02 Dec, 2020
JERUSALEM WEATHER

The racially motivated protests and riots taking place in the wake of the horrific murder of George Floyd have elicited an unusual response. Many people, including prominent politicians and law enforcement officials, have “taken the knee” in acquiescence to or in complete agreement with the claims of the protesters that America, and in particular the police are racist. 

One example was Detroit Police Chief Todd Bettison who took a knee when confronted by a protest last Monday. Bettison performed the ritual at the insistence of “angry protesters.” Bettison did so despite the gesture being in contravention of department protocols, for what he called “tactical reasons” since a kneeling policeman is less ready to perform any duty that might suddenly arise. Bettison did so because he “didn’t want any violence.” The gesture appeared quite ironic since Bettison, who is black, was essentially kneeling before the protesters, many of whom were white. 

 

This scene was repeated in Lowell, Massachusetts when a crowd chanted for the police chief to take a knee. He respectfully declined and was invited to pray with them which he accepted. The chant renewed and the chief walked away. When a prayer was invoked, the chief joined in saying ‘amen.’

Last Sunday, Santa Barbara Mayor Cathy Murillo attended a rally at which she did not heed calls by protesters to take a knee. The rally became unruly and the crowd refused to allow her to speak. Two days later, she took a knee during the Pledge of Allegiance at City Council meeting but her action was rejected as “an encore performance.”

The ritual has caught on and people from around the world are now following suit. But the most blatant use of the symbolic act for the purpose of political pandering came on Monday when Speaker of the House Nancy Pelosi led House and Senate Democrats in a group kneel at the Capitol’s Emancipation Hall.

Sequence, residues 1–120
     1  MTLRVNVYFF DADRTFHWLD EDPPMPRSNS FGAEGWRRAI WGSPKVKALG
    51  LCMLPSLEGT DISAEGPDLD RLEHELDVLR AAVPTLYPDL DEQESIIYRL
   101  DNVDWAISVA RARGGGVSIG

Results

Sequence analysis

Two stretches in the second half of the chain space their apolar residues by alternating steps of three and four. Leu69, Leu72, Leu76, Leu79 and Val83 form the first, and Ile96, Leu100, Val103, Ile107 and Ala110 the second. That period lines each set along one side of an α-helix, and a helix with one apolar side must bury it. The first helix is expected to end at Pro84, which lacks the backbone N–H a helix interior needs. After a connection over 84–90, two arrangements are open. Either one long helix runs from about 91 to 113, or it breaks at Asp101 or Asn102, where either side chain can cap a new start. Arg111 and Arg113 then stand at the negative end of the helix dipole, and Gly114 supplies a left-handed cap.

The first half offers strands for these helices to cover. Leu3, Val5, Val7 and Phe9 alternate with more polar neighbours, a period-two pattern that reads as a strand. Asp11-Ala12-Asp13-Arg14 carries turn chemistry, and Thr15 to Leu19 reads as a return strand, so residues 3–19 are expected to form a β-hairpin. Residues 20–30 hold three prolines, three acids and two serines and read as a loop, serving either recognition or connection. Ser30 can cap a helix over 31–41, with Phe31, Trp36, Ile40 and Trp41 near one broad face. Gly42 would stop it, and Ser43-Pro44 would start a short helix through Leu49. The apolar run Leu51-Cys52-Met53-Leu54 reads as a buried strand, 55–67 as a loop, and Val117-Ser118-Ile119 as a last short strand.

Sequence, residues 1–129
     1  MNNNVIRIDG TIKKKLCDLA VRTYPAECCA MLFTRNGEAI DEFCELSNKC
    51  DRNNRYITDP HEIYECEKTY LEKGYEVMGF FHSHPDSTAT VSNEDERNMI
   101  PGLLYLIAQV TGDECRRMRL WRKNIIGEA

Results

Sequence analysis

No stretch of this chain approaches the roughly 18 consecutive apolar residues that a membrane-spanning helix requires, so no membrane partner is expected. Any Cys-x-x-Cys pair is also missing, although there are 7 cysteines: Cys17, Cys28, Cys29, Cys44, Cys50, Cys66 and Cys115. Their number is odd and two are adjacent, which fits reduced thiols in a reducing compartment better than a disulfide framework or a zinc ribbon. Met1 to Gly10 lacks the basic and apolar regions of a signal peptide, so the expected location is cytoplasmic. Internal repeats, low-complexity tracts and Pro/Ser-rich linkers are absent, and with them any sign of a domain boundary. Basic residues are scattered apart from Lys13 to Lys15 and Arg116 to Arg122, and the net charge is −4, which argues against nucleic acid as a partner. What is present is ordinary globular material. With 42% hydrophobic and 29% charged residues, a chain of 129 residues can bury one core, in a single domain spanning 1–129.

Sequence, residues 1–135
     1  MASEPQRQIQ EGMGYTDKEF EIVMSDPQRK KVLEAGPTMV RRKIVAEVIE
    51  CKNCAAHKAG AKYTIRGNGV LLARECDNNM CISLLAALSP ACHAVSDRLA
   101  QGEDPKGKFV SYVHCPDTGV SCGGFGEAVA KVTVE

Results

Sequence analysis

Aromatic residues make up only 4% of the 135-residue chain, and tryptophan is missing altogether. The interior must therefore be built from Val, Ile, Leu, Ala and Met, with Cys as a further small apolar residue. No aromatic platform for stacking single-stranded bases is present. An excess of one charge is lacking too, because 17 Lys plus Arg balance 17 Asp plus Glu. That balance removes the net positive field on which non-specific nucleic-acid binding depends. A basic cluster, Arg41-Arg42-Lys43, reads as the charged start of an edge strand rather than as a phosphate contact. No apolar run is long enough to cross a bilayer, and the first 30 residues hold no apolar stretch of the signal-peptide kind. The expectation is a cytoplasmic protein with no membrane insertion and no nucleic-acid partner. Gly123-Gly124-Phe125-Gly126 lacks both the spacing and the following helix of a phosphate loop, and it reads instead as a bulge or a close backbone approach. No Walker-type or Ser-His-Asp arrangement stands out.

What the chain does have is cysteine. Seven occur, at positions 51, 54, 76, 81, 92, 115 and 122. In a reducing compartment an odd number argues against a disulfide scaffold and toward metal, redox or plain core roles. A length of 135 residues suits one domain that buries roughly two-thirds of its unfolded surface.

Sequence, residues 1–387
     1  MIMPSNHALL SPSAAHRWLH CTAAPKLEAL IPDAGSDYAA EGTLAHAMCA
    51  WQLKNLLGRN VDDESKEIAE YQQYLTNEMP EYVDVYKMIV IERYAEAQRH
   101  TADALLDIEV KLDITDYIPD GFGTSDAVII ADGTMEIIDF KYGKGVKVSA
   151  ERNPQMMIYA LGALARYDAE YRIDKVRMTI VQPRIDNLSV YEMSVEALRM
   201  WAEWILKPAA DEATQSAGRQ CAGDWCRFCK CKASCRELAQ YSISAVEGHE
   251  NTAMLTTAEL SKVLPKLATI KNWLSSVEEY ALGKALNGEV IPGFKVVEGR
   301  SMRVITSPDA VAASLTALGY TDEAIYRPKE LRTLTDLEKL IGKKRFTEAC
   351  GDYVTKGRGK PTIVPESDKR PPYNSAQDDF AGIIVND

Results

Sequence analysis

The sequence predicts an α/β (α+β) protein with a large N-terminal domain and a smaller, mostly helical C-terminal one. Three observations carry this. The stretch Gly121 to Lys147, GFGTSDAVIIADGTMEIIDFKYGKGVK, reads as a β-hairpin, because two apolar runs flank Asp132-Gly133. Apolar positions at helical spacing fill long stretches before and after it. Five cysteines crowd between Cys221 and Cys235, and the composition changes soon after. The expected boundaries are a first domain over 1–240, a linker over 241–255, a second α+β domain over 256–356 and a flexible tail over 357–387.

Though the murder of George Floyd is universally condemned, not everyone who supports the fight against racism agrees with taking a knee. Lily Mei, the first Asian-American and the first woman mayor of Fremont California,  was addressing a protest on Tuesday when the crowd called for her to take the knee. 

“Taking a knee is something that I’m not going to be doing,” she told the crowd.

She explained her decision in a Facebook post which began by praising the protesters and expressing support for making significant changes.

“I have been asked why I will not kneel at events like the one from earlier today,” Mei wrote. “Because of my faith, I will never kneel to anyone but God. You will see me kneel in church, but you will not ever see me kneel at any other event except in prayer.”

This statement of faith was also expressed by Georgia State Trooper O’Neal Saddler was allegedly asked to kneel during a demonstration in Hartwell. 

“If I didn’t have any respect, I wouldn’t [be here],” Saddler explained. “I was supposed to be out of town this weekend with my wife. I took off today, this weekend, but I’m out here to make sure y’all are safe.”

He added, “Don’t go there with respect, OK? I have much respect, but I only kneel for one person.”

Someone in the crowd replied: “And that’s God,” which the trooper confirmed: “God.”